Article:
Think about this. What if the inter-molecular bonds were in fact all much weaker, or much stronger? This alone would make no difference to whether a collection of molecules were liquid or solid or gas. It would determine nothing new. The story would still come down an emergent balance of local temperature and global pressure.
bohm2
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Sep24-11, 01:23 AM
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Quote Quote by apeiron View Post
A reductionist will try to argue that it is all about the molecular bonds. Well, at least they might remember that as the clinching idea presented to them in school chemistry class. But the significance of the bonds is that they are a constant that does not change. Every H2O molecule is identical in its inter-molecular attraction (given a normal range of temperature ad pressure).

So to squeeze liquidity or any other form of difference out of the something which does not change is of course going to seem paradoxical. There is just no liquidity (or gassiness, or solidity) intrinsic in the bonds as a further property. The bonds alone offer no account of the dynamics. And can't do.

Think about this. What if the inter-molecular bonds were in fact all much weaker, or much stronger? This alone would make no difference to whether a collection of molecules were liquid or solid or gas. It would determine nothing new. The story would still come down an emergent balance of local temperature and global pressure.
What about this reductionist argument:

Where there is discontinuity in microscopic behavior associated with precisely specifiable macroscopic parameters, emergent properties of the system are clearly implicated, unless we can get an equally elegant resulting theory by complicating the dispositional structure of the already accepted inventory of basic properties. Sydney Shoemaker has contended that such hidden-micro-dispositions theories are indeed always available. Assuming sharply discontinuous patterns of effects within complex systems, we could conclude that the microphysical entities have otherwise latent dispositions towards effects within macroscopically complex contexts alongside the dispositions which are continuously manifested in (nearly) all contexts. The observed difference would be a result of the manifestation of these latent dispositions.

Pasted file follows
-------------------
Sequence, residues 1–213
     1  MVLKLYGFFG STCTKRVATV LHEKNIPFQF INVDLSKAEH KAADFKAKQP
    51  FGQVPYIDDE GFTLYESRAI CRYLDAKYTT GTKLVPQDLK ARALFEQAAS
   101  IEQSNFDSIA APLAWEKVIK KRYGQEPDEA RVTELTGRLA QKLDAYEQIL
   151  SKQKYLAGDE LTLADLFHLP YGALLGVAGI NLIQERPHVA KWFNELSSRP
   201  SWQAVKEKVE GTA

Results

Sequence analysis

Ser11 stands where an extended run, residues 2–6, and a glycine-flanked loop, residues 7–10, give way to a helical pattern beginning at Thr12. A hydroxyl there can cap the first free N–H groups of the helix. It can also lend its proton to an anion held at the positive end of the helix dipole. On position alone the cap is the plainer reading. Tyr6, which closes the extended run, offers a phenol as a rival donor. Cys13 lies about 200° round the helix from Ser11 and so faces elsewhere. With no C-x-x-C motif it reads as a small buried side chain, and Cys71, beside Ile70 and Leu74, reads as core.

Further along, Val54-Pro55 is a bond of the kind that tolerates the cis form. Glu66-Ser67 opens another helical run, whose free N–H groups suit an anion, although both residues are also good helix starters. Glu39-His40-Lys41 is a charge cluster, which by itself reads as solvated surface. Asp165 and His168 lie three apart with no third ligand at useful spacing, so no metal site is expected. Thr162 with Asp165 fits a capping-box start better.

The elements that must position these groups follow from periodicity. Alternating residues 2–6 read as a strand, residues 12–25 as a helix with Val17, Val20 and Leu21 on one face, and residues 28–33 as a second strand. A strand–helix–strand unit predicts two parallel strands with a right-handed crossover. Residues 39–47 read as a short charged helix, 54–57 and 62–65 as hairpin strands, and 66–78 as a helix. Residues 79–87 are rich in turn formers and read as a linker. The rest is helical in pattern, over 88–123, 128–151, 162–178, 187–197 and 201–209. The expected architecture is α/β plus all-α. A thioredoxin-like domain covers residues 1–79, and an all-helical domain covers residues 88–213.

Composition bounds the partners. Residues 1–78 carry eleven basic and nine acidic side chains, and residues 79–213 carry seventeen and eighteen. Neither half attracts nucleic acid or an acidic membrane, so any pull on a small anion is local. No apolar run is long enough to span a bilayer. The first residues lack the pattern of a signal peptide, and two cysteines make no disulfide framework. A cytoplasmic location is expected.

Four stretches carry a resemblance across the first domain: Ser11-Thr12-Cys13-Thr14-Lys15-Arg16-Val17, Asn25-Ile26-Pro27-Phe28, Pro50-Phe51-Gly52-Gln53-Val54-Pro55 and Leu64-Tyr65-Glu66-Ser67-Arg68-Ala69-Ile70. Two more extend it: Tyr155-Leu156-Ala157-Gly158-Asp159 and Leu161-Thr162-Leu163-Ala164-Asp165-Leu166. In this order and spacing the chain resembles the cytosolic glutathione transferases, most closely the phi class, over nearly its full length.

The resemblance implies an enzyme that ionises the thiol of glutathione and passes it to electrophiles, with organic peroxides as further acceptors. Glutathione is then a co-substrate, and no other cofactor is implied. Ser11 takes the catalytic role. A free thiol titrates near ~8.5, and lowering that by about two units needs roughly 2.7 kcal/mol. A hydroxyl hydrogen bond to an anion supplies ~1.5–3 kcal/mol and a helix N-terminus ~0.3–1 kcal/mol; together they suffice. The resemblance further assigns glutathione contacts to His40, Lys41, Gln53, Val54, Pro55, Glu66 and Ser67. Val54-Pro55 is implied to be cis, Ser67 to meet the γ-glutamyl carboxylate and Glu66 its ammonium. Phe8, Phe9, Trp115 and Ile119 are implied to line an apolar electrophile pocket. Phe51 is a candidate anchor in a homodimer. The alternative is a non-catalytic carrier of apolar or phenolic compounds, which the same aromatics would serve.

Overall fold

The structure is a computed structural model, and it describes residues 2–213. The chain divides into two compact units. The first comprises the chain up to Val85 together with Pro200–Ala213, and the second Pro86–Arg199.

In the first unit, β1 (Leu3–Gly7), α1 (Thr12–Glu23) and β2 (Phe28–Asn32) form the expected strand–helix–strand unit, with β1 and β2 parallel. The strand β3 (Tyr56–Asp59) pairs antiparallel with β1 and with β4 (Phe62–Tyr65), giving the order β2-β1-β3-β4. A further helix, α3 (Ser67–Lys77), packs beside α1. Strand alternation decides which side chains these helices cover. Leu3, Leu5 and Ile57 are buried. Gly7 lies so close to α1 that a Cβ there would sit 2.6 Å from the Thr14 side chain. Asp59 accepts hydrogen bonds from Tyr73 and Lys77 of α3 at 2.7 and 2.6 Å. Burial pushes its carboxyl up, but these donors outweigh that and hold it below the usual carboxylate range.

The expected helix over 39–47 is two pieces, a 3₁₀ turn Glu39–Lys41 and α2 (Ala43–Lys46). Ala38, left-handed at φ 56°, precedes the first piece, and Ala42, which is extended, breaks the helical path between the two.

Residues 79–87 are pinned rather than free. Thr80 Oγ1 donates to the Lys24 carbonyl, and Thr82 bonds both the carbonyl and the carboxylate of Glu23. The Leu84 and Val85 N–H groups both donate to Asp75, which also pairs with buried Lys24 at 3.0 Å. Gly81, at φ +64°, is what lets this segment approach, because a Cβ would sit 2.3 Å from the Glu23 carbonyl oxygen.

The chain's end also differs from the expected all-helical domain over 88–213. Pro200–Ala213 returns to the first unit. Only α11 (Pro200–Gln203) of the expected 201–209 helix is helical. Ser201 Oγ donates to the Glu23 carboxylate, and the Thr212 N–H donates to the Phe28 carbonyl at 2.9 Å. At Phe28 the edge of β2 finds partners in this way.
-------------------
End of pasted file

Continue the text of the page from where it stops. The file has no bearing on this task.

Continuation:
So I'm guessing a reductionist can claim that we lack these "latent dispositions" because we don't have a complete physical theory, yet?

http://plato.stanford.edu/entries/properties-emergent/

Quote Quote by Pythagorean View Post
I'm not saying the symbol side is "fake" by any means. But symbols are arbitrary. An 'a' does exist, but it has no meaning alone, and it's place is no better or worse served by a 'b'. But, you can't have an alphabet of just 'a' so there is something meaningful about how the symbols exist, but it's not their labels (i.e. it's not the symbol itself).
This is an interesting point. That sounds like an "intrinsicality" argument since anything can be a symbol. What determines what is a symbol comes from the subject. That seems like an argument against symbolic or semiotic function?
Pythagorean
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Sep24-11, 02:55 AM
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Quote Quote by bohm2 View Post
What about this reductionist argument:

Where there is discontinuity in microscopic behavior associated with precisely specifiable macroscopic parameters, emergent properties of the system are clearly implicated, unless we can get an equally elegant resulting theory by complicating the dispositional structure of the already accepted inventory of basic properties. Sydney Shoemaker has contended that such hidden-micro-dispositions theories are indeed always available. Assuming sharply discontinuous patterns of effects within complex systems, we could conclude that the microphysical entities have otherwise latent dispositions towards effects within macroscopically complex contexts alongside the dispositions which are continuously manifested in (nearly) all contexts. The observed difference would be a result of the manifestation of these latent dispositions.